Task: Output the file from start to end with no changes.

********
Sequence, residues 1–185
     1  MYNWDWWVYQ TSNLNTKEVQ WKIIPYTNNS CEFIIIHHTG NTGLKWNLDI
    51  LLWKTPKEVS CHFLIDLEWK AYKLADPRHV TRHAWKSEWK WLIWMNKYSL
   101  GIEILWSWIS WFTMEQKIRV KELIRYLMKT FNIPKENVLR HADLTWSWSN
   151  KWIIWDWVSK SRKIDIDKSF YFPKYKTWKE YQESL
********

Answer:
Sequence, residues 1–185
     1  MYNWDWWVYQ TSNLNTKEVQ WKIIPYTNNS CEFIIIHHTG NTGLKWNLDI
    51  LLWKTPKEVS CHFLIDLEWK AYKLADPRHV TRHAWKSEWK WLIWMNKYSL
   101  GIEILWSWIS WFTMEQKIRV KELIRYLMKT FNIPKENVLR HADLTWSWSN
   151  KWIIWDWVSK SRKIDIDKSF YFPKYKTWKE YQESL